The Government has conceded that “even before Section 2 was enacted, state and local officers had state-law authority to inquire of DHS [the Department of Homeland Security] about a suspect’s unlawful status and otherwise cooperate with federal immigration officers.” Brief for United States 47 (citing App. 62, 82); see also Brief for United States 48–49. That concession, in my view, obviates the need for further inquiry. The Government’s conflict-pre-emption claim calls on us “to determine whether, under the circumstances of this particular case, [the State’s] law stands as an obstacle to the accomplishment and execution of the full purposes and objectives of Congress.” Hines v. Davidowitz, 312 U. S. 52, 67 (1941) (emphasis added). It is impossible to make such a finding without a factual record concerning the manner in which Arizona is implementing these provisions—something the Government’s pre-enforcement challenge has pretermitted. “The fact that [a law] might operate unconstitutionally under some conceivable set of circumstances is insufficient to render it wholly invalid, since we have not recognized an ‘overbreadth’ doctrine outside the limited context of the First Amendment.” United States v. Salerno, 481 U. S. 739, 745 (1987) . And on its face, §2(B) merely tells state officials that they are authorized to do something that they were, by the Government’s concession, already authorized to do.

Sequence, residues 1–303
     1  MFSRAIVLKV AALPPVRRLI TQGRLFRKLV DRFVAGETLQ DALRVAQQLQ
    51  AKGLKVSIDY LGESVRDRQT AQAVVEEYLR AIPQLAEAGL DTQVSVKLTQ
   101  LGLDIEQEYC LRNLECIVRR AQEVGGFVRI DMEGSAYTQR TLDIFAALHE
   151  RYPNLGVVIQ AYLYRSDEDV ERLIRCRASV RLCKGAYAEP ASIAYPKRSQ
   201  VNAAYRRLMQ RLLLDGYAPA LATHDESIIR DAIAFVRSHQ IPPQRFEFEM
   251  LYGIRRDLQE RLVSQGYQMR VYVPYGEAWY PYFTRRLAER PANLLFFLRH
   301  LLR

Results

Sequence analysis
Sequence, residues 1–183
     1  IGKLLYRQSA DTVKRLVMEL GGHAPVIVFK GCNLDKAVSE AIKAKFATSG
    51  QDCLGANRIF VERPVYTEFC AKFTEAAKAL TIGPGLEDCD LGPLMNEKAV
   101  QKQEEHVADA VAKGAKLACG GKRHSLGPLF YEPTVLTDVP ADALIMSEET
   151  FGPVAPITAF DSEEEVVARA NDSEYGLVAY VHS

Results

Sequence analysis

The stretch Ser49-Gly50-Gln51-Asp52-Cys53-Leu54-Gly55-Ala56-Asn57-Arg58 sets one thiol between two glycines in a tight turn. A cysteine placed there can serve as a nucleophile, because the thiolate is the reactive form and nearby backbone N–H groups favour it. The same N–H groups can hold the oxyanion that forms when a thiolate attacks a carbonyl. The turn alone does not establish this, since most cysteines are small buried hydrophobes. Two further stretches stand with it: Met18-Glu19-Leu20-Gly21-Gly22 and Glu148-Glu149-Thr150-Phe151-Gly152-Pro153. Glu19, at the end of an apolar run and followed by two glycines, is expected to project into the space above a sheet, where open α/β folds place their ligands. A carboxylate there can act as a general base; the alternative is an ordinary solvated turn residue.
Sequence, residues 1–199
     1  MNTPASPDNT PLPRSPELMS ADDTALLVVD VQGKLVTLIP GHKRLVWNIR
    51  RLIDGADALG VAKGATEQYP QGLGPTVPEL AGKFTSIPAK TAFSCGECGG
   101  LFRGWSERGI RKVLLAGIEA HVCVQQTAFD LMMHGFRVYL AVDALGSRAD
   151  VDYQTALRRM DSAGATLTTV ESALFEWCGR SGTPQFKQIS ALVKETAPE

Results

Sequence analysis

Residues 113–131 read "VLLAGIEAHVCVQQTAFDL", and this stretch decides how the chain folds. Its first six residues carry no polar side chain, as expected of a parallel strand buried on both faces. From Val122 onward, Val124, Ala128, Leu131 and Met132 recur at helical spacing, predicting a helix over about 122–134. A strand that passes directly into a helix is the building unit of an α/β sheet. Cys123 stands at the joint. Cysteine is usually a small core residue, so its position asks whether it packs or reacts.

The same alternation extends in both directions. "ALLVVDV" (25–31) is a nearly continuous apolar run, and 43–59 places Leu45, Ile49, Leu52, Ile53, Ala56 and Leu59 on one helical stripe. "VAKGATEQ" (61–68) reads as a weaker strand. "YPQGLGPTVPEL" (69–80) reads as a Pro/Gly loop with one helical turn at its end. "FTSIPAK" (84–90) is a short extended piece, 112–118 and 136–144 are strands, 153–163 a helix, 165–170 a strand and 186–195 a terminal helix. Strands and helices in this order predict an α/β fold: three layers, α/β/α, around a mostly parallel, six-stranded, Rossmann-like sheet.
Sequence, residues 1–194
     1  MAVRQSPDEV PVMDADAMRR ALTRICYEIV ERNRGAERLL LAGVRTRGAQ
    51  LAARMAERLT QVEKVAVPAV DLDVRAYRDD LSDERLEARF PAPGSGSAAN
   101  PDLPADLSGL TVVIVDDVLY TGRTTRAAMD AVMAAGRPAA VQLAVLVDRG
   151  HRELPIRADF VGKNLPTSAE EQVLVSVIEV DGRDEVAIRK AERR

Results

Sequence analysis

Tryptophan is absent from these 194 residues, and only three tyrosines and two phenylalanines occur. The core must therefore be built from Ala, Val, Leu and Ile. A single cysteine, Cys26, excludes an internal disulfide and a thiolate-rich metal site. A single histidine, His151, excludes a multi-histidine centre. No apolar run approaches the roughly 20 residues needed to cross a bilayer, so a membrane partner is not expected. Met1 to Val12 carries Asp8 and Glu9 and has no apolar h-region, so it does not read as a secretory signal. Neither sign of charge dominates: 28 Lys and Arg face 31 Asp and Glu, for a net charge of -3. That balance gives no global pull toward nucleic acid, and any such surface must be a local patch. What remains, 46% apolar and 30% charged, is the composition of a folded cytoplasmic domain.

The Court therefore properly rejects the Government’s challenge, recognizing that, “[a]t this stage, without the benefit of a definitive interpretation from the state courts, it would be inappropriate to assume §2B will be construed in a way that creates a conflict with federal law.” Ante, at 23. Before reaching that conclusion, however, the Court goes to great length to assuage fears that “state officers will be required to delay the release of some detainees for no reason other than to verify their immigration status.” Ante, at 22. Of course, any investigatory detention, including one under §2(B), may become an “unreasonable . . . seizur[e],” U. S. Const., Amdt. IV, if it lasts too long. See Illinois v. Caballes, 543 U. S. 405, 407 (2005) . But that has nothing to do with this case, in which the Government claims that §2(B) is pre-empted by federal immigration law, not that anyone’s Fourth Amendment rights have been violated. And I know of no reason why a protracted detention that does not violate the Fourth Amendment would contradict or conflict with any federal immigration law.